Encryption Helps America Work Safely – And That Goes for Congress, Too

This opinion piece was originally published in The Hill.

Over the past month, Americans across the country have adapted to a new reality of life, which includes social distancing to curb the spread of COVID-19. For those fortunate enough to be able to do so, that means learning to work, attend educational classes and socialize from afar using the Internet. For a huge number of Americans, social distancing means little to no work – and even greater uncertainty. Businesses, schools and government entities everywhere are asking the same question, “can we perform our work online and, just as importantly, can it be done securely?” 

As Congress
acts to respond to COVID-19, it faces a similar
challenge. With some Congressional members and staff
testing positive for COVID-19, and others choosing to
self-isolate, lawmakers are exploring whether they can perform the
most critical aspects of their office remotely – deliberation
and voting. For Congress to be able to vote remotely on legislation,
measures to ensure the integrity of these
communications is critical. If even one vote is changed or
blocked by a criminal or foreign adversary, the legitimacy
of congressional decisions, and thus Congress as a whole, will be
called into question. Any digital voting solution would need to rely on
strong encryption to be secure.

Encryption is a critical tool to provide confidentiality and integrity to digital communications. Encryption enables much of the flexibility needed for staff to work from home securely during social distancing. End-to-end encrypted messaging like WhatsApp, Signal or iMessage, and voice or video calls allow staff to discuss sensitive topics without fear of eavesdroppers. Encryption also secures everyday digital activities like payroll, human resource management, and file sharing. For Congress to legislate effectively while staying healthy during this pandemic, the security provided by encryption will be key. When reaching across the aisle, especially necessary in times of crises, staffers and legislators must be assured that politically sensitive discussions remain confidential – even when those conversations happen over the Internet. And while congressional votes are public information, a remote voting system must ensure that congressional members’ votes aren’t tampered with, and in case they are, make it clear that tampering has occurred.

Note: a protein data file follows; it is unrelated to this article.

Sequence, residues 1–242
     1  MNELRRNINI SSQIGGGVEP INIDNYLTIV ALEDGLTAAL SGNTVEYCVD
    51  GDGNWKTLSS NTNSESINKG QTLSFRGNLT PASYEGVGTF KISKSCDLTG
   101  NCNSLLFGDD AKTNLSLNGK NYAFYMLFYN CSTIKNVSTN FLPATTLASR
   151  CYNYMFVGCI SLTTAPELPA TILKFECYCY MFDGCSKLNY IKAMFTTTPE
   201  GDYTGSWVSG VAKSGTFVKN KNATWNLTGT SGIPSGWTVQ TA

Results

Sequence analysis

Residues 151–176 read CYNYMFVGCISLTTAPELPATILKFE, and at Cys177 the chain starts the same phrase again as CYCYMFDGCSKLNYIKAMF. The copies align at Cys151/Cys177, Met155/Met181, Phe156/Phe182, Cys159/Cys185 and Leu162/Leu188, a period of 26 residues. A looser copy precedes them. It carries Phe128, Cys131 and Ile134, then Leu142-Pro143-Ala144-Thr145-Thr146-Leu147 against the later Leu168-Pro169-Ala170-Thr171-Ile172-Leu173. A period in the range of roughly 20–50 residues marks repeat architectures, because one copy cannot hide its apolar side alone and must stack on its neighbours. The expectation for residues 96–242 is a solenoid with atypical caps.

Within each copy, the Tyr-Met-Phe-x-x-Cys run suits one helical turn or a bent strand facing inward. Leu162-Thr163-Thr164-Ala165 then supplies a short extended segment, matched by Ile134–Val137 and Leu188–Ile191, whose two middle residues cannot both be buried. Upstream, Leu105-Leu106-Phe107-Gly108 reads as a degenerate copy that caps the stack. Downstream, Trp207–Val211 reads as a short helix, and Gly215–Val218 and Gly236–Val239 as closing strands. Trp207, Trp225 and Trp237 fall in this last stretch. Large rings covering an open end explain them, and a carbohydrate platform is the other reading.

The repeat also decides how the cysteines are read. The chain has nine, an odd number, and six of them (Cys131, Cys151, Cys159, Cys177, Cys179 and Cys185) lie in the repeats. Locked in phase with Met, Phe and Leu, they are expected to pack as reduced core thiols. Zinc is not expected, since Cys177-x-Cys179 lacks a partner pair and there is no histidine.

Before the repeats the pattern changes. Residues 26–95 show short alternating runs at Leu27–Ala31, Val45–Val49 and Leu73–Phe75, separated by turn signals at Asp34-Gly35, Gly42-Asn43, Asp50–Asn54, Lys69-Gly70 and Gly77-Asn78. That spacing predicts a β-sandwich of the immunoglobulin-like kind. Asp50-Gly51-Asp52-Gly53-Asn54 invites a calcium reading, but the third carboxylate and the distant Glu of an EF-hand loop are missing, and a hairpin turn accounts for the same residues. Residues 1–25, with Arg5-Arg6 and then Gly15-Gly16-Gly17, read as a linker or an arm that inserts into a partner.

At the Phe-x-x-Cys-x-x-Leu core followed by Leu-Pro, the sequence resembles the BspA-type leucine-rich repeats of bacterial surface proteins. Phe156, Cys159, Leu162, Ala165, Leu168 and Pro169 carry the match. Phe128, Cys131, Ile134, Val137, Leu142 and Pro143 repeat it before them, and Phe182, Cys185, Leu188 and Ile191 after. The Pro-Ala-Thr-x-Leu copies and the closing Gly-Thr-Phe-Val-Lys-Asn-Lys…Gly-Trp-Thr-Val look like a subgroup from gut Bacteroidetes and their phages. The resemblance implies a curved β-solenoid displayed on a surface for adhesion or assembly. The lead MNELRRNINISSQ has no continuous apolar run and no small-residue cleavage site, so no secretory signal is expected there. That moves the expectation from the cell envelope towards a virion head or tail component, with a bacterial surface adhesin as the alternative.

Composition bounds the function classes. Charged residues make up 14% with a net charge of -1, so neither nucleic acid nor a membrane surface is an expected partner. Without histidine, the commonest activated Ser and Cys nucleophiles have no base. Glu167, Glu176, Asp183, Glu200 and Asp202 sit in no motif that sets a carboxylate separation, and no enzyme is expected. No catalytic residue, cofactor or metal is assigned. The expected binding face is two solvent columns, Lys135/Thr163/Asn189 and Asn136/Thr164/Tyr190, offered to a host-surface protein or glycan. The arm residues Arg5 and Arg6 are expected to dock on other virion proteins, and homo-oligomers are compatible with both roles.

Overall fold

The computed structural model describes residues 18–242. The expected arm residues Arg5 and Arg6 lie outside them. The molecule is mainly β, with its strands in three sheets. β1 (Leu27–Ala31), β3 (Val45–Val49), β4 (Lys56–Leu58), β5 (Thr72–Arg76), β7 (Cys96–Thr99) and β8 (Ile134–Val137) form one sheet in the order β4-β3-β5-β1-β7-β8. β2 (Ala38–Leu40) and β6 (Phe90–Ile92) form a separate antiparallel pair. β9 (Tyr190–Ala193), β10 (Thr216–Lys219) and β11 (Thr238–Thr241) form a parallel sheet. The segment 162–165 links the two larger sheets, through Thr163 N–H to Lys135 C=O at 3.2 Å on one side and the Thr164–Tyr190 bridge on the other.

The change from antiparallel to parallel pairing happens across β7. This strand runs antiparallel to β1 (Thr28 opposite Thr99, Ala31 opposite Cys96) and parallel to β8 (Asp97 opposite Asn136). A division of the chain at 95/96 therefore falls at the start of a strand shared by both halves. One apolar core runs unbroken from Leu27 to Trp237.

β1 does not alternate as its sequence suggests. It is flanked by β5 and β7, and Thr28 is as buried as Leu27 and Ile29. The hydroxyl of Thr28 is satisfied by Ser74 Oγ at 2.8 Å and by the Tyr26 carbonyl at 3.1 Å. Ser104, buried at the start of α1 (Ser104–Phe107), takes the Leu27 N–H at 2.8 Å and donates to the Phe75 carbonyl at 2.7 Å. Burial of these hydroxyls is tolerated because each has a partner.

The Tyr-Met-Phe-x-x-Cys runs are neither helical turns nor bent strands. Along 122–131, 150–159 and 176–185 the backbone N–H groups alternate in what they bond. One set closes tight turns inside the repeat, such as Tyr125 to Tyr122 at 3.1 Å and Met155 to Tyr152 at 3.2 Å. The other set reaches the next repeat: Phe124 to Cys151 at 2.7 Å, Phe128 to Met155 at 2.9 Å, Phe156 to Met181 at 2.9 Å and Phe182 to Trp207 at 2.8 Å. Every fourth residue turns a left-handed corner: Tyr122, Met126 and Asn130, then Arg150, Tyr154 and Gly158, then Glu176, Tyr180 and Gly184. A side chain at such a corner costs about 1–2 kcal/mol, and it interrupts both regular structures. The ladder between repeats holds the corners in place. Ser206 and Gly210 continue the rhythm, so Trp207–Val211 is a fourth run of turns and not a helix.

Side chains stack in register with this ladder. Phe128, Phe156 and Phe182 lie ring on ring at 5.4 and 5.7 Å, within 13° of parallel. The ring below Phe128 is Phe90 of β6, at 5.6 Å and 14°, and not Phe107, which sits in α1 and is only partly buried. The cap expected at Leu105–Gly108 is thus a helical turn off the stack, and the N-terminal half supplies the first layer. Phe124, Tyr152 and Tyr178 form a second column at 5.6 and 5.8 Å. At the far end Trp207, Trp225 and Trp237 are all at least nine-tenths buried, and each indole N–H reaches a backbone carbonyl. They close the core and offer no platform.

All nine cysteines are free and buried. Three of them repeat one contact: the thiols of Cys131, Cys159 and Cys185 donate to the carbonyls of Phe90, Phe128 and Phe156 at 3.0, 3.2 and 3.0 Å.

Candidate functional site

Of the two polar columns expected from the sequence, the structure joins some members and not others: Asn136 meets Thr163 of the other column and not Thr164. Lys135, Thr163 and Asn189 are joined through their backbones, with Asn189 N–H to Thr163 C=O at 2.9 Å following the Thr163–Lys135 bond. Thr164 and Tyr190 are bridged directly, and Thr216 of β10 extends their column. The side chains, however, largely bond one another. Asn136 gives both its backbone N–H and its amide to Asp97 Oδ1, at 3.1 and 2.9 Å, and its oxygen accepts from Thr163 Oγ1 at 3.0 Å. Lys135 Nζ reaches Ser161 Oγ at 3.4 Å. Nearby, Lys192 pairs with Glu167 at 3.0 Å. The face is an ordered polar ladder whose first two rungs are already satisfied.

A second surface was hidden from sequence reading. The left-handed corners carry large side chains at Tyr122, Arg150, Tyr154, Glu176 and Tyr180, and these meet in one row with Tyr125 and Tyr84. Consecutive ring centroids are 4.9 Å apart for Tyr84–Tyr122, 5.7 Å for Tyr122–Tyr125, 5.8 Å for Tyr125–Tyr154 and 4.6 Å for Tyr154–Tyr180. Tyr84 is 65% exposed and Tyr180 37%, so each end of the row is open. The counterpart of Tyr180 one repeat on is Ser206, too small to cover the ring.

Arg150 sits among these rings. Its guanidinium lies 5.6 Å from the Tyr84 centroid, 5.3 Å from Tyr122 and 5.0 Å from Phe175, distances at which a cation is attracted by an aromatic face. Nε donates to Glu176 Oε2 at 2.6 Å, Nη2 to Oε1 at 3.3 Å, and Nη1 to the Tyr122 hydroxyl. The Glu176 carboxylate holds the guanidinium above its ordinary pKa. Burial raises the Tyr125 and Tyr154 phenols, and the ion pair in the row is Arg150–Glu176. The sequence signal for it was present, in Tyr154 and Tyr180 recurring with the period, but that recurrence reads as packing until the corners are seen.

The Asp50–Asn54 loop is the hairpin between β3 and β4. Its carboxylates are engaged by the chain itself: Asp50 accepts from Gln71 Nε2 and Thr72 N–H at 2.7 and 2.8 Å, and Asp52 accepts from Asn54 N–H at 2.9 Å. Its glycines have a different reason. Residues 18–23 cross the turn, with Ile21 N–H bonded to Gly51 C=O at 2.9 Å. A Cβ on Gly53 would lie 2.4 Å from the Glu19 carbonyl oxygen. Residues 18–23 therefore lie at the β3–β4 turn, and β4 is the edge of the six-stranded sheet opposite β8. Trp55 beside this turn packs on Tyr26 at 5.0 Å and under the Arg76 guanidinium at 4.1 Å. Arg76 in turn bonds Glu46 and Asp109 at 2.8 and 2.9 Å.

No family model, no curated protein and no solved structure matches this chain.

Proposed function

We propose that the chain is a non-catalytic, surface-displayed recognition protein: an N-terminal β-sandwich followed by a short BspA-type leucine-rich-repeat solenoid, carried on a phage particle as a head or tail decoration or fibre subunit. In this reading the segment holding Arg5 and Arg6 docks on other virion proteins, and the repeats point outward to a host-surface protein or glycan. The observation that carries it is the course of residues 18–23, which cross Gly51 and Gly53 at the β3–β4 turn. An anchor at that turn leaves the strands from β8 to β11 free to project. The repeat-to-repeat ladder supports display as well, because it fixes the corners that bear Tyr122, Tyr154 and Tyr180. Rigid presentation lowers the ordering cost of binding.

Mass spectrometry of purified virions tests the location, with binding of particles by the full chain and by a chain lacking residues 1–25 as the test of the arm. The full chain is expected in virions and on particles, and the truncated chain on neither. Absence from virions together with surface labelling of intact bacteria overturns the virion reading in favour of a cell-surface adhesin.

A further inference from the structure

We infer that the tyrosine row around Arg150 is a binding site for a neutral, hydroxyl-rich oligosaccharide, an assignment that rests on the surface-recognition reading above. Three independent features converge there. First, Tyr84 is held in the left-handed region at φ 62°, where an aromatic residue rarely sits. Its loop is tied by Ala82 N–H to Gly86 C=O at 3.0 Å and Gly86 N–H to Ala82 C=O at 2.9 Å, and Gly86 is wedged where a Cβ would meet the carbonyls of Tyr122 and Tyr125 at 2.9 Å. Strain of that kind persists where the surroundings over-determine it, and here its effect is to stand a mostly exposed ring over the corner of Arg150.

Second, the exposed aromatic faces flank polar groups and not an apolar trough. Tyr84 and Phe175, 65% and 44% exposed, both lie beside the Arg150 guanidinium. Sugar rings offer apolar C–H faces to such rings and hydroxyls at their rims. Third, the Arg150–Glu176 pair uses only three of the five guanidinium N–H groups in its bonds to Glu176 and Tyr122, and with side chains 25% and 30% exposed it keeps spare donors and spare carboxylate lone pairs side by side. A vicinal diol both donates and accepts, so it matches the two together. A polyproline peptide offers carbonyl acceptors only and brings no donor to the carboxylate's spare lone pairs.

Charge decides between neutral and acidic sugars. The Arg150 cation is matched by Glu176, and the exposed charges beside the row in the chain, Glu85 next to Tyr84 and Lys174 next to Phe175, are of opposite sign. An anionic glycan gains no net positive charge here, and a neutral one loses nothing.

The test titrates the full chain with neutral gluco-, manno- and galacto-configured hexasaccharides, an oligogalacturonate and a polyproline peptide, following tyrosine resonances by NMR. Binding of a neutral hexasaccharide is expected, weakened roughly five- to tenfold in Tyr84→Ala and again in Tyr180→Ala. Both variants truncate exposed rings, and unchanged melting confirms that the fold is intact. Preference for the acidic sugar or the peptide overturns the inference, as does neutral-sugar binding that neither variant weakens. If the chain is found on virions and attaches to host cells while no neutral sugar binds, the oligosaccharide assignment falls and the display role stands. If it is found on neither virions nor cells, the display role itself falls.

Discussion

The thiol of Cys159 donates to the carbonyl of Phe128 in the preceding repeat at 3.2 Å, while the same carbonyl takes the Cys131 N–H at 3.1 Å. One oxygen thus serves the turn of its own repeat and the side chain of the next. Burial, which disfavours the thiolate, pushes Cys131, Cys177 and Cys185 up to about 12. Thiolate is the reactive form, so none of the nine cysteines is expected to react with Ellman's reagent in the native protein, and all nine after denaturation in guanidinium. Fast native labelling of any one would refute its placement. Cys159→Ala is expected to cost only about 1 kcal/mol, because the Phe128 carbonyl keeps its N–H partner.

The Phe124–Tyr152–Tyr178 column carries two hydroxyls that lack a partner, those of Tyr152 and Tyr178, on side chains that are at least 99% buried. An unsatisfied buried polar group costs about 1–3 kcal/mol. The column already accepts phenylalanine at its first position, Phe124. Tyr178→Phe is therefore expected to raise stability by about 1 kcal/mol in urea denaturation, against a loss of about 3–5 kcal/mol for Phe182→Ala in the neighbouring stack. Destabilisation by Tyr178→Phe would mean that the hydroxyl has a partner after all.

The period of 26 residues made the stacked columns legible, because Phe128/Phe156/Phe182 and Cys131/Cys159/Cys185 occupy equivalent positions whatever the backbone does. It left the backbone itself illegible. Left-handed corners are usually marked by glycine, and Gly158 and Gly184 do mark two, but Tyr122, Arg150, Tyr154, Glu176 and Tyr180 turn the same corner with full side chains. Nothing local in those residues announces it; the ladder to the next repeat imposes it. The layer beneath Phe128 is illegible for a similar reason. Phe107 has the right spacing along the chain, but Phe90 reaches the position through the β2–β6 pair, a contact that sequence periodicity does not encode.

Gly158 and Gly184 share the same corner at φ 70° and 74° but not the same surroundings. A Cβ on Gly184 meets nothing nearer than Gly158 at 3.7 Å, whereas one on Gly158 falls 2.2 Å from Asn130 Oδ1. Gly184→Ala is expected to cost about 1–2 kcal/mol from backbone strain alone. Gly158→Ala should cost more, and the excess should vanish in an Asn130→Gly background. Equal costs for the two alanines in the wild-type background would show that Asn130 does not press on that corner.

A new
bill introduced by Judiciary Committee Chairman
Sen. Lindsey Graham and Sens. Richard Blumenthal and Dianne
Feinstein, puts the security provided by encryption under threat, and
therefore, weakens the country’s ability to work, learn and
govern while we aren’t able to conduct business as usual. This bill,
called the “EARN IT Act of 2020,” would make changes
to Internet intermediary liability rules in the United
States and could force companies to modify their services for
law enforcement to gain access to encrypted user content for
various services – or become liable for the actions of all their users.
But the consensus among cybersecurity
 is clear: there is no way to provide exceptional
access to encrypted communications for law enforcement without making all of
its users more vulnerable. Any way for law enforcement to get in could be found
by criminals or foreign adversaries,
and used
for their own purposes.  

As the country faces an unprecedented challenge, we all must be practical, flexible and energetic. We need to ensure Americans have the tools they need to successfully do their job remotely and securely, especially if that job is a member of Congress – that means not passing legislation that can undermine strong encryption practices.

Take these six actions to protect encryption and protect yourself.

Image by Simon Abrams via Unsplash
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